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The intergenerational transfer of numeracy skills (2013)

20 Jul 2018

Young children’s numerical ability scores were positively associated with their parents’ numeracy levels. 

There are different ways in which home environment can contribute to students’ engagement with maths,  their levels of drive and motivation at school and their beliefs about their abilities as mathematics learners.

One interesting example is the relationship between numeracy and parents’ qualifications. While numeracy and qualifications do appear to be correlated, there is significant variation in numeracy levels among cohort members with low or no qualifications. This suggests that numeracy is developed through a range of activities, not just education, and an individual with no qualifications may still have reasonable or even very good numeracy skills.

The purpose of this report is to investigate the intergenerational transmission of numeracy; that is the relationship between parent and child numeracy skills. The study used a ‘parent and child’ sample of 2,246 parents and 466 children, making particular use of a numeracy assessment the parents completed at age 34 (2004), and numeracy tests completed by the children (ages 3-5/ages 6-16) in that year. 

When parents have better numeracy, their children also tend to have better numeracy, even when controlling for a wide range of other factors. For young children, parental numeracy levels appear to have a greater impact on the highest scoring children. It is not clear why the relationship between parent and child numeracy differs depending on age group.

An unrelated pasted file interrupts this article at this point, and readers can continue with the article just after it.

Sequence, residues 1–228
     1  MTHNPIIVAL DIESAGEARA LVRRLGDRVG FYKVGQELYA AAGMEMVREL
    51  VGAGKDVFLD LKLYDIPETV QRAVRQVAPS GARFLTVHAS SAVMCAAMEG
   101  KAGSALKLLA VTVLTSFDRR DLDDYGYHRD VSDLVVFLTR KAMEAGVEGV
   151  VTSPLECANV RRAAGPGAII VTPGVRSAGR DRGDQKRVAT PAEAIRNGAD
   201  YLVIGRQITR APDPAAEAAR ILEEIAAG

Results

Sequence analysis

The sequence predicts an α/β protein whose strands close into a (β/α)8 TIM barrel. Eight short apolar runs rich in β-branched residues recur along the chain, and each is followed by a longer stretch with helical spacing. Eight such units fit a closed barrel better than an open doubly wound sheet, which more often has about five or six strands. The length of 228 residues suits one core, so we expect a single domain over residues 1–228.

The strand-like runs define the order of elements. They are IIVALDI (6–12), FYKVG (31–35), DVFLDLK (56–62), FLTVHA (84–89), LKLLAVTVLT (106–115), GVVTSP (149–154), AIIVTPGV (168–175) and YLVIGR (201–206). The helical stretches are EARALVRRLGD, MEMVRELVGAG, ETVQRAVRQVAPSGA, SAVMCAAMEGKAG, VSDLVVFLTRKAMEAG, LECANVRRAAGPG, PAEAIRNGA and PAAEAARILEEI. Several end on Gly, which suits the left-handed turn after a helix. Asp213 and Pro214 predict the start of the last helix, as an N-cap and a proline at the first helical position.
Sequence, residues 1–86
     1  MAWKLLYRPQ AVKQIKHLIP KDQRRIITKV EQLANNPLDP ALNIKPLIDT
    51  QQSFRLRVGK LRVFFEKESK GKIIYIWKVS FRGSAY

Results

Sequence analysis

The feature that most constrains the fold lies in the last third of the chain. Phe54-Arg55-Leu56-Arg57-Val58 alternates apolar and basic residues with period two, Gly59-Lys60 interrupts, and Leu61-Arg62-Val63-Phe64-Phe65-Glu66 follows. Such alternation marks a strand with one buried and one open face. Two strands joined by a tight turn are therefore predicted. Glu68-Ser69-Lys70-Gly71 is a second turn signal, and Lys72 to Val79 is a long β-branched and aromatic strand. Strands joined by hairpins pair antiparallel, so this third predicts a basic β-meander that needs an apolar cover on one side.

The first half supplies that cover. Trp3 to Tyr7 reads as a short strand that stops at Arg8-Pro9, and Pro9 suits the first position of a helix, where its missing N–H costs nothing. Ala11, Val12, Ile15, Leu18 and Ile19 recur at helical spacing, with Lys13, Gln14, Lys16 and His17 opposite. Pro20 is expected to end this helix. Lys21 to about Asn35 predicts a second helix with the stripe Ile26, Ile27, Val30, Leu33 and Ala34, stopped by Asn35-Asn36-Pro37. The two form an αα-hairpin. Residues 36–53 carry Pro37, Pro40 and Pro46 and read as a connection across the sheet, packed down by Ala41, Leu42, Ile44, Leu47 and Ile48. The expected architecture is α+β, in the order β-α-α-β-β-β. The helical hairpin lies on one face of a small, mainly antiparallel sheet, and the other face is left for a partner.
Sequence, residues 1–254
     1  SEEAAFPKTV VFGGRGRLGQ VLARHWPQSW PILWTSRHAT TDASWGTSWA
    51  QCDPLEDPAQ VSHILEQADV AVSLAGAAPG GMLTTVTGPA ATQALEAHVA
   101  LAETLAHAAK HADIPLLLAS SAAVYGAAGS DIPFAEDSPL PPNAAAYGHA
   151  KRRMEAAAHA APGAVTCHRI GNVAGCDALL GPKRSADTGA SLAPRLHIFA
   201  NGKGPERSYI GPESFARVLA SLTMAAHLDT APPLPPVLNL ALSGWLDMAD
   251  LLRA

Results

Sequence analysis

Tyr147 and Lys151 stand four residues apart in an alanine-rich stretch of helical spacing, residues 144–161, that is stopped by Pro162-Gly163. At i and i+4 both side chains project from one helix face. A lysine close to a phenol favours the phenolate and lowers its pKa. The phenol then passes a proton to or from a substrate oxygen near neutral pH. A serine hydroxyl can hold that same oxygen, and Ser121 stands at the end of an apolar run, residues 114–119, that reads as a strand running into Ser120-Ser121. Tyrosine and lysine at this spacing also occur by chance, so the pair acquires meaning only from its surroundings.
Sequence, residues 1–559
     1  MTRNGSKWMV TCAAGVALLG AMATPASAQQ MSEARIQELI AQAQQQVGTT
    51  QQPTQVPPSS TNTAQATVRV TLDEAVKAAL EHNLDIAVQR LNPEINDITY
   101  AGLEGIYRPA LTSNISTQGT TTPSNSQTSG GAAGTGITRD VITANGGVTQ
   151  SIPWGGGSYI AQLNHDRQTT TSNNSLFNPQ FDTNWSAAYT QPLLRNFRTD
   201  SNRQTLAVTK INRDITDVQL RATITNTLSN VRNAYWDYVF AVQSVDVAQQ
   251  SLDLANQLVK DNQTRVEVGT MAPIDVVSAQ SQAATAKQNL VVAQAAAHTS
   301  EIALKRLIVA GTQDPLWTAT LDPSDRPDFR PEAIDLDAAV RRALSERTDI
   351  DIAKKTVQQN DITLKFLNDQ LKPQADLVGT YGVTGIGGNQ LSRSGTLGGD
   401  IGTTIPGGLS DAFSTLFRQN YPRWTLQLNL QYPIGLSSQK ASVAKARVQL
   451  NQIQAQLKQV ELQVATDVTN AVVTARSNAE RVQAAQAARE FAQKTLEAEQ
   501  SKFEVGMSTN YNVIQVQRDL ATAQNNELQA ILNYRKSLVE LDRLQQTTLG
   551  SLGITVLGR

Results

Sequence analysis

Young children’s numerical ability scores were positively associated with their parents’ numeracy levels – that is, parents with higher numeracy levels tended to have children with higher numeracy scores. In particular, children of parents with Entry level 3 or higher numeracy had much better number skills than children of parents at Entry level 2 and below. (Note: according to the government’s 2011 Skills for Life survey 24% of adults in England were working at Entry Level 2 or below - find out more on what the levels mean here. 

The study cites de Coulon et al's (2009), suggestion that writing that policies “aimed at increasing parents’ basic skills may have potentially large intergenerational effects on the cognitive performance of children”, concluding that policymakers would be well served by commissioning additional studies that would allow researchers to move beyond statements of correlations to those of causation. 

De Coulon, A., Meschi, E. &Vignoles, A (2009), Parents’ Basic Skills and Children’s Cognitive Outcomes. London: National Research and Development Centre for Adult Literacy and Numeracy. 

Download the full report